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The PowerPC is a CPU architecture based on reduced instruction-set computing (RISC) that was created by Apple, IBM and Motorola in 1991. The three companies formed an alliance known as AIM. The term PowerPC stands for performance optimization with enhanced RISC, otherwise known as performance computing.
PowerPC is also an evolving instruction set that has been renamed Power ISA since 2006 and lives on as a legacy architecture. PowerPC CPUs have been popularized in part by Apple due to their use in 1994-2006 workstation Macs, before Apple embraced Intel CPUs. However, the PowerPC was first used in IBM RS/6000 workstations, which ran a Unix-based operating system.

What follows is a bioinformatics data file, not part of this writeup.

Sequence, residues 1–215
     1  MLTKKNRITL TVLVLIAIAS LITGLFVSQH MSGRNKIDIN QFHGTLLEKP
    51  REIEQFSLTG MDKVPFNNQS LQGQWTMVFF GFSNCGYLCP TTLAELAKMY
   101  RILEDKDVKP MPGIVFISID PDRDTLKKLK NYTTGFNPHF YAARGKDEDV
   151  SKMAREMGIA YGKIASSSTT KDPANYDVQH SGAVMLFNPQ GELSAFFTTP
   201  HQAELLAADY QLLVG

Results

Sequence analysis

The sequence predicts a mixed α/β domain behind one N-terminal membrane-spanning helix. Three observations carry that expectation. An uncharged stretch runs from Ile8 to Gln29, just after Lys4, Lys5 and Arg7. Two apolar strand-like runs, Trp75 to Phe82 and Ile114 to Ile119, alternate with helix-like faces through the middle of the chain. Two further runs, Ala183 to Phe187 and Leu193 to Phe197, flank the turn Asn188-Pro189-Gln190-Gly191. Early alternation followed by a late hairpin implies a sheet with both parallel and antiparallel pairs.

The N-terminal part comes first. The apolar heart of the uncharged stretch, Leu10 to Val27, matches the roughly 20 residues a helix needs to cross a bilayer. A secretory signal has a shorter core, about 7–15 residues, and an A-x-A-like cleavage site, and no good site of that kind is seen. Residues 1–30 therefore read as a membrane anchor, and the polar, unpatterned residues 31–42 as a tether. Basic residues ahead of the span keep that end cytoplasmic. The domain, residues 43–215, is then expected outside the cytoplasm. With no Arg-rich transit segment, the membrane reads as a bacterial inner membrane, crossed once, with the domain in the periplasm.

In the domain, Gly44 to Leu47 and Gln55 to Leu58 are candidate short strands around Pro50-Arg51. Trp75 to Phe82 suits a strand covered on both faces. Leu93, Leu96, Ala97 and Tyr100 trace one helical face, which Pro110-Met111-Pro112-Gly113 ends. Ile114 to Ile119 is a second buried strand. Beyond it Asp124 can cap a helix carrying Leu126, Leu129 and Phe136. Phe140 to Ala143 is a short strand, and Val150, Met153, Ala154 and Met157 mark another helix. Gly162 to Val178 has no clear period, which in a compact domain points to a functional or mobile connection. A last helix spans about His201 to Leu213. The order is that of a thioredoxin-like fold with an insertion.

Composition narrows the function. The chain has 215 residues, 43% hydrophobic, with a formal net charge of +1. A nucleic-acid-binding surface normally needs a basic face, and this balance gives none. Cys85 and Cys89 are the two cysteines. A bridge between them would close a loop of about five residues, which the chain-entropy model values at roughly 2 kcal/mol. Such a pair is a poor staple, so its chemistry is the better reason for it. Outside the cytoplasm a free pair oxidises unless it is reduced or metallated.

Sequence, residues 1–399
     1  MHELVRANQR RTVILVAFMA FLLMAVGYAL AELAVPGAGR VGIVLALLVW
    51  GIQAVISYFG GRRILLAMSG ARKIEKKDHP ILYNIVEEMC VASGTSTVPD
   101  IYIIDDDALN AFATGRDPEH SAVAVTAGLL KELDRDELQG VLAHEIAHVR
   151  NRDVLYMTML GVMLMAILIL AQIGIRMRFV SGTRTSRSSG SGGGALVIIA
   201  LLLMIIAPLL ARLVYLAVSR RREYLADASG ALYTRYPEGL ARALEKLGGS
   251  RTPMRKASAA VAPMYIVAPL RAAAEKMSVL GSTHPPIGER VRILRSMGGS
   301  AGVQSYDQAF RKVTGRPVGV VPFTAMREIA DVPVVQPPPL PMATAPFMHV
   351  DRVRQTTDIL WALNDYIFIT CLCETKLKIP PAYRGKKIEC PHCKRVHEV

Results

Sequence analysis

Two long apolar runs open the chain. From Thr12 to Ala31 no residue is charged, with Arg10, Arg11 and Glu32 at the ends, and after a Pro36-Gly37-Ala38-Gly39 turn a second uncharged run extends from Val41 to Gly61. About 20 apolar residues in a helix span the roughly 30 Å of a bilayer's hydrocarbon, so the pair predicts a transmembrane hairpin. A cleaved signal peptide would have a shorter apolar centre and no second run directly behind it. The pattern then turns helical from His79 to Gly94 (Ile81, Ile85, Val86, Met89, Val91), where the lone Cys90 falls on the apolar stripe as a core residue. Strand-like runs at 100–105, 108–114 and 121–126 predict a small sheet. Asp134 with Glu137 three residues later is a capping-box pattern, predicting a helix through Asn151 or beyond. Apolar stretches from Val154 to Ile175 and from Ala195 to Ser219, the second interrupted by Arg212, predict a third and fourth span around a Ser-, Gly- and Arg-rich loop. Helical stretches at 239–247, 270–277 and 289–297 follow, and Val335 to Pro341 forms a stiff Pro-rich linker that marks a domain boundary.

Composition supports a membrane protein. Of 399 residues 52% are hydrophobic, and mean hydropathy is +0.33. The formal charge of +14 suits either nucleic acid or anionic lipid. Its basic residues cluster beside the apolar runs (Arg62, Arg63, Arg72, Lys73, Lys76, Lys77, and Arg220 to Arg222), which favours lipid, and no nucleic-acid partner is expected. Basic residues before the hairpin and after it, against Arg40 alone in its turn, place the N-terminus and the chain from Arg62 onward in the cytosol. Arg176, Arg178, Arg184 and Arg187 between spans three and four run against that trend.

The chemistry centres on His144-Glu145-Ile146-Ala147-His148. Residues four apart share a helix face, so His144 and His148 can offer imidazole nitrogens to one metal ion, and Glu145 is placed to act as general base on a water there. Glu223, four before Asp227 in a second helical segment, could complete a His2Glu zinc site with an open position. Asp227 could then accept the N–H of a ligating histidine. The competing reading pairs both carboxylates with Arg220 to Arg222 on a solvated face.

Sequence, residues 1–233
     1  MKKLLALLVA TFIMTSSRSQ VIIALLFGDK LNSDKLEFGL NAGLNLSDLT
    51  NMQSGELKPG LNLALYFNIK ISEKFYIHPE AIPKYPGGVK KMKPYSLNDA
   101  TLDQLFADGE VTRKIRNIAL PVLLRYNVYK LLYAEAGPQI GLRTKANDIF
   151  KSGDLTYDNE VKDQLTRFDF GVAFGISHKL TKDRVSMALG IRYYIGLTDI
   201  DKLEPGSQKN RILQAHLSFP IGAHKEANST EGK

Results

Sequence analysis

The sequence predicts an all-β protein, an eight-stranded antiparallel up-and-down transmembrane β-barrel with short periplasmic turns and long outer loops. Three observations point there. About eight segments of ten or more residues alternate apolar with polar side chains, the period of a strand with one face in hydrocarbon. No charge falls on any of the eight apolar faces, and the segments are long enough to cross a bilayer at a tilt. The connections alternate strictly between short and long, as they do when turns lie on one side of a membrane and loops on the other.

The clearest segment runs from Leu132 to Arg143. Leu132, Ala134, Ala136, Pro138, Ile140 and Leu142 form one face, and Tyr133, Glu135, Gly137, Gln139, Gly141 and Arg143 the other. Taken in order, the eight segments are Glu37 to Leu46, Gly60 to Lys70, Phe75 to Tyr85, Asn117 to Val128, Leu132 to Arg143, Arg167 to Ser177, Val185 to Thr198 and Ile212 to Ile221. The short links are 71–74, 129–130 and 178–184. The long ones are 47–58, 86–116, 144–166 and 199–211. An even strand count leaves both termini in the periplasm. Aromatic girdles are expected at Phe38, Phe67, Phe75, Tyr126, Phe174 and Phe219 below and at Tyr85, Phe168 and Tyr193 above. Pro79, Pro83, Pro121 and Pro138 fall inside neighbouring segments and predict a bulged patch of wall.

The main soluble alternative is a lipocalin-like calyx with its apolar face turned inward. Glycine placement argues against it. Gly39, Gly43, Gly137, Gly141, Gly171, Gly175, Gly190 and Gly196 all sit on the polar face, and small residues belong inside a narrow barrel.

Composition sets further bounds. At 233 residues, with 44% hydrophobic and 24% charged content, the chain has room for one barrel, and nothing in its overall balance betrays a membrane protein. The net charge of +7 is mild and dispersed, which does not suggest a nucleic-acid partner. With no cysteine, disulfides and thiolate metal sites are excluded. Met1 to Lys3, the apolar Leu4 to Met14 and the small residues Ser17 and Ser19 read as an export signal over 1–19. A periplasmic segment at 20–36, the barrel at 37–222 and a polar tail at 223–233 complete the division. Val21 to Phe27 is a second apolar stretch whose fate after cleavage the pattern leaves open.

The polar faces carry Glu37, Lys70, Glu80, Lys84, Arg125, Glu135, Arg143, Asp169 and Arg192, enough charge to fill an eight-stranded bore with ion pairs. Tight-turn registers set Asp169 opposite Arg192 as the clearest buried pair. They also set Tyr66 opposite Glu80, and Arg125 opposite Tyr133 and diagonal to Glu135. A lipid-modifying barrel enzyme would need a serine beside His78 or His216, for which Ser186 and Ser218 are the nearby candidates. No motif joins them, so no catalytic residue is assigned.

When the PowerPC microprocessor architecture was designed, it was created as an open standard architecture, and other companies were invited to build on top of it. RISC is based on a principle that the simplest computing instructions are the ones most frequently performed. However, CPUs have also been designed with more complicated instruction sets in mind, allowing for simpler and faster operations, and the ability to perform more instructions per clock speed.